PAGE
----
All the same, he never pretended to be anything he wasn't and now he's dead, so RIP Mr. Kincade.

Lem said...

In Google's Images gallery I'm having a hard time picking a favorite..

They are that good.

Henry said...

Leroy Neiman is still alive, so the painter of "playboys, bunnies, and provocateurs" gets the last laugh.

Christy said...

I was embarrassed for friends of mine with a serious Kincade collection. Are all Kincade aficionados people who, unsolicited, make a big deal of showing visitors their treasures? I hate being forced to be polite!

Seven Machos said...

I think this was probably the best thing for Kincade's career at this point. He had reached a plateau, and was going downward. This will boost sales.

Lem said...

Oh noo..

Loved it is surging.

The art establishment is in a panic.

Lem said...

Kinkade's death painted as windfall to Santorum's coffers.

Will Cate said...

While most of his stuff looked kind-of cheezy to my eyes, what I know about art wouldn't fill a thimble. I can hardly draw a straight line, and thus I give props the man, likewise to anyone who can do something I can't and be successful at it.

Pogo said...

Kincade once painted quite well, before he became schlocky.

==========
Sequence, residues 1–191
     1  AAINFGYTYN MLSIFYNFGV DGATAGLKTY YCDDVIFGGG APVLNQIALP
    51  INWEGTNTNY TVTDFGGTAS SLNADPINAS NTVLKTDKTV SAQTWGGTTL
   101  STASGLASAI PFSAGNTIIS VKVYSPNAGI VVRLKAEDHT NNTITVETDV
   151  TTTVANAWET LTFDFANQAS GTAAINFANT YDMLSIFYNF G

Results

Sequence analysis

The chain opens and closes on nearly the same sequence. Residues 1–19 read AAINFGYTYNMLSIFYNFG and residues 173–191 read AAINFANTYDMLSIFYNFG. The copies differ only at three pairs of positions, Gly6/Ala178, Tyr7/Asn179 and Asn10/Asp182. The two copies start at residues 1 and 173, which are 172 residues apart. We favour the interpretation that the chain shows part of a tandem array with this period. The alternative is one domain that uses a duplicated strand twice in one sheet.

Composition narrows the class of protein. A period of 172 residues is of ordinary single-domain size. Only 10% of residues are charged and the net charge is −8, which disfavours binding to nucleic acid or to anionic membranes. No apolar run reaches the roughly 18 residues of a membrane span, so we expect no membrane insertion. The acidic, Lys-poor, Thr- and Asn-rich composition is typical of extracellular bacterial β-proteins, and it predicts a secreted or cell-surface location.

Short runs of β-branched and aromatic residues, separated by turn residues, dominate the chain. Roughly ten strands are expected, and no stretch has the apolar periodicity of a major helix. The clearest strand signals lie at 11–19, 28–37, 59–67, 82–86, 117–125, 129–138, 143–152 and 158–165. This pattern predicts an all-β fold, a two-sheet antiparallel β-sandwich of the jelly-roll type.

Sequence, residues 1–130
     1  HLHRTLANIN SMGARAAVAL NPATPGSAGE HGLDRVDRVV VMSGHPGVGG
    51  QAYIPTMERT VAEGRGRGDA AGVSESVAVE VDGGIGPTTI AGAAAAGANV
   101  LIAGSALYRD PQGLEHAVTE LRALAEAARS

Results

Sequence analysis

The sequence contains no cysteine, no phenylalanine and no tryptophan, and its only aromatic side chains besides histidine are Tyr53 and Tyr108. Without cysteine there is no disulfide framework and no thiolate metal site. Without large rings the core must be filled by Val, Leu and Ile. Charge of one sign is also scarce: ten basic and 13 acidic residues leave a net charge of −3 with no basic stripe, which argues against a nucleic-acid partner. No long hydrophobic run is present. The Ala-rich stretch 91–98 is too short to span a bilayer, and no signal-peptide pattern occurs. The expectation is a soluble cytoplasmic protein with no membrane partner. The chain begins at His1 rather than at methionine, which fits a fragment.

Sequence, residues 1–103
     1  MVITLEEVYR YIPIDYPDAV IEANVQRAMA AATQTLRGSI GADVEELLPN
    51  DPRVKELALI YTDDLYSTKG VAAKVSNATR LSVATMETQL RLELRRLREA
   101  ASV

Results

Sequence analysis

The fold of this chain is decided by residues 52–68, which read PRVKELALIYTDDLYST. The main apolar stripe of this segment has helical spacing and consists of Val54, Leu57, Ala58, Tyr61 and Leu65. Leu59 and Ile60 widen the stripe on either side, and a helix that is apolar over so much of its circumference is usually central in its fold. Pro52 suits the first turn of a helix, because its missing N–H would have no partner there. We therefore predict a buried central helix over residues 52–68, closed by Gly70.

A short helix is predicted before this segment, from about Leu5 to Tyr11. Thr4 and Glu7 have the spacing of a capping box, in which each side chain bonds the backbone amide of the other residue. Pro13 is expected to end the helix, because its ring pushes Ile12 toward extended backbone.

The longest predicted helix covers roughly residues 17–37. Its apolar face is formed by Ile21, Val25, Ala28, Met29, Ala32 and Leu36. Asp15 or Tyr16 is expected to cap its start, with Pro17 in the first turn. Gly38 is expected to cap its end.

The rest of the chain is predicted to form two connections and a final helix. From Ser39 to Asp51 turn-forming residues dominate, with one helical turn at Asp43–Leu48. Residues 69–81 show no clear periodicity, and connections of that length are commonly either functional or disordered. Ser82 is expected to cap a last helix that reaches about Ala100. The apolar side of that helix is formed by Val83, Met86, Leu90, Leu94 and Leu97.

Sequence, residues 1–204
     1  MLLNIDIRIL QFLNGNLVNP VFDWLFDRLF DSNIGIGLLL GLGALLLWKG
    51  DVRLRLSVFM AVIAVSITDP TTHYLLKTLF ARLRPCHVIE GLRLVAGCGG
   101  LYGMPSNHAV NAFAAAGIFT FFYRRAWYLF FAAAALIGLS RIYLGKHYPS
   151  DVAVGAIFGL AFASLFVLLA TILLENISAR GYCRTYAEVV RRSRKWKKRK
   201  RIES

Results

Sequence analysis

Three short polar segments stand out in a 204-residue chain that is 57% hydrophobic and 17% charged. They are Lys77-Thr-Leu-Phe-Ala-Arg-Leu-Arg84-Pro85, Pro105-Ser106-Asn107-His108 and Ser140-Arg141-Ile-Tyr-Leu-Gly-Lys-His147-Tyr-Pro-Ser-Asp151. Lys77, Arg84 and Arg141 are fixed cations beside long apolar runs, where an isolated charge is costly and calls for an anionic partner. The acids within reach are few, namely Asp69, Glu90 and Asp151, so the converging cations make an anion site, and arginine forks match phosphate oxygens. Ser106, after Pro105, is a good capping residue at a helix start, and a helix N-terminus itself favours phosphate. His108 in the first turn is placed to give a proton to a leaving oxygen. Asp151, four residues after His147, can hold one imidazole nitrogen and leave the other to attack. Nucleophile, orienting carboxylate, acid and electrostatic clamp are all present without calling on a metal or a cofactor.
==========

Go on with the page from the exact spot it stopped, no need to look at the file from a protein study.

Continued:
"Consider two works of on similar themes. Both are images of the Water Tower in Chicago."

Peter said...

According to the obit, he heckled Siegfried & Roy, copped a cheap feel on a female admirer who asked for his autograph, and pissed on the Winnie the Pooh figure at Disneyland.

The last of those made me crack up!

Seven Machos said...

Pogo -- I'm glad you posted that; I had seen the article long ago but forgotten it. I don't get why anyone would like either one of those paintings, or anything Kincaid has done. It seems to me not only that it's already been done, better, many times before for hundreds of years, but also that any half-decent artist could do what Kincaid did.

I once talked my way into a summer course in advanced abstract painting at my local college, because I needed an art class to graduate from my actual college. The lesson I learned in that class was that, no, anyone cannot do what we call modern art. I certainly could not. But that doesn't change the fact that much modern art is not very interesting at all. Kincaid did things at the same uninteresting level; he merely did it in a very novel way by being strikingly unmodern.

But trite is trite.

Bender said...

I didn't know that Kinkade was that young. I always assumed that he was some old guy, probably long dead.

But yes, people can die young of natural causes.